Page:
The small screen makes it to the big screen as TJFF focuses on the high quality television that is coming out of Israel. Highlights include a sample of the brand new season of the hilarious comedy series Arab Labor, as well as the colourful and charming miniseries Mary Lou—director Eytan Fox’s (The Bubble) answer to Glee. Also screening will be an episode of the Israeli adaptation of The Office, based on the famous BBC comedy series created, written and devised by Ricky Gervais and Stephen Merchant; watch how the drama of Israeli reality is satirized and adapted to the format of the British and American versions.

TJFF, in a new partnership with Hillel, is also paying tribute to the achievements of the many diverse film schools in Israel. Over the years, the students in these schools have produced many exceptional short films that have gained worldwide recognition, often leading to successful international screenings and awards at such film festivals as Cannes, Berlin, Venice, New York and Tribeca. The schools have produced an inspired crop of filmmakers who are revolutionizing the country’s film and television industry. This three-evening series opens with Intimate Grammar, the newest feature film by Nir Bergman, a successful product of the Sam Spiegel Film School, who established himself internationally with his impressive student film, Sea Horses (1998), before producing his much-acclaimed dramatic feature, Broken Wings (2002). The series continues on Wednesday and Thursday evening with short films that have been produced within the past eight years at various schools throughout Israel. The films featured in the spotlight have been carefully selected by a committee of Canadian students from different cultural and educational backgrounds.

The fourth annual David A. Stein Memorial Award - fondly named the “Tzimmie” – will be voted on by this year’s specially selected jury and awarded opening night at The Underground. The tribute comes with a $5,000 cash prize. This year our Jurors include Larry Weinstein, Co-Founder of Rhombus Media and one of Canada’s most prolific and accomplished doc filmmakers.  He’s joined by award-winning filmmaker Karen Shopsowitz,  a director, editor, writer and occasional cameraperson, who has worked on dozens of productions, ranging from stand-alone documentaries to documentary series, music videos and fiction; and Adam Nayman, critic for Eye Weekly and Metro in Toronto, and a contributor to a number of North American publications.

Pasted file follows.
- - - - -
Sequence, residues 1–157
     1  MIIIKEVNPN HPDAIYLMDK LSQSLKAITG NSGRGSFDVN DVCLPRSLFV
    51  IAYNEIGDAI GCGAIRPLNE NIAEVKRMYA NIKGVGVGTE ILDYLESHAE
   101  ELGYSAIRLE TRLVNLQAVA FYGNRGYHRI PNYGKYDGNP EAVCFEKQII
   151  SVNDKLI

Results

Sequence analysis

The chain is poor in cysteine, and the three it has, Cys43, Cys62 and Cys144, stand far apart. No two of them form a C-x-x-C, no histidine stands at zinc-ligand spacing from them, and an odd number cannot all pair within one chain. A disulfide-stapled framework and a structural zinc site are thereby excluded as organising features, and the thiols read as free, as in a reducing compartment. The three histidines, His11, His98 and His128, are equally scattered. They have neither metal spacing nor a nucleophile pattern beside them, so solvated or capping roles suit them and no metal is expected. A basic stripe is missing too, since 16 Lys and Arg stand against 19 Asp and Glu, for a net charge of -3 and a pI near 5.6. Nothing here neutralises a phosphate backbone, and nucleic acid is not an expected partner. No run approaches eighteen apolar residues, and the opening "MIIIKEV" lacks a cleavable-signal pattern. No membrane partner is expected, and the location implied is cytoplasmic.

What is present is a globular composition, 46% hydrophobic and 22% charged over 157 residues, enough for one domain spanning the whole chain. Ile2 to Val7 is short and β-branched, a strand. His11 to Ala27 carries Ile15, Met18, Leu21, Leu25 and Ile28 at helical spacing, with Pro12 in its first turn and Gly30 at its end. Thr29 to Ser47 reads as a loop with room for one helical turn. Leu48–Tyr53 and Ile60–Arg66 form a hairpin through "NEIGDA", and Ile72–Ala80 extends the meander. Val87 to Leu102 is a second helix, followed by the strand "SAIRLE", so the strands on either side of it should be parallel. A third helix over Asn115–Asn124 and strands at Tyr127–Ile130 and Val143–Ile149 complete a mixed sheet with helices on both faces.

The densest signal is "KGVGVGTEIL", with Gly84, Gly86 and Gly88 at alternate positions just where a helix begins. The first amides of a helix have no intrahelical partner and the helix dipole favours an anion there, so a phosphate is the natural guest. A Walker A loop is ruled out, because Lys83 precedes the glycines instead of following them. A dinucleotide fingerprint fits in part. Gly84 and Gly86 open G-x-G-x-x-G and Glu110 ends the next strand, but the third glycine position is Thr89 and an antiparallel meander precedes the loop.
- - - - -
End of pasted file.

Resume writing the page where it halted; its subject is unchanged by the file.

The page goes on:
Now in year four, FilmMatters is TJFF’s educational outreach programme which offers free screenings to young students of films that explore cultural and religious diversity. FilmMatters this year runs from May 9-11 and has been made possible by the generous support of The Ganz Family Foundation, and Cineplex Entertainment. Teachers are provided with a detailed Study Guide. This year FilmMatters presents four powerful films: 7 Days of Remembrance…and Hope follows 60 students from diverse backgrounds across Canada who participate in the March of Remembrance and Hope.  A multi-faith trip whereby university students travel to the Nazi death camps in Poland. Director Fern Levitt focuses on six of the participants, all of whom filter their experiences through a particular lens relevant to their personal histories.  Special guest at the screening is Rudi Okot who is a March participant and is featured in the film; Voices Unbound: The Story of the Freedom Writers is the true story behind the California high school class that inspired the Hillary Swank film Freedom Writers. When teacher Erin Gruwell deviated from the curriculum and assigned The Diary of Anne Frank, the voice of a young Jew in hiding spanned generations and resonated with the disenfranchised inner-city youths. Inspired to record their own thoughts, these students shared powerful stories of hopelessness, broken homes, drug dealing, homicide, abuse and gang violence, and their writing blossomed into the national bestseller The Freedom Writers Diary.  Special guest via Skype is Freedom Writer Cynthia Ray; The Last Survivor offers portraits of four survivors of different genocides – The Holocaust, Rwanda, Darfur and the Congo – who have since dedicated their lives to working as activists in the anti-genocide movement. By ensuring that their stories are heard around the world, these four survivors are at the forefront of a movement that seeks to remind the world what happens when inaction prevails; A Jewish Girl from Shanghai is also being shown to students in the Filmmatters programme. All student screenings are held at 10 A.M. at The Bloor Cinema. For further inquiries, contact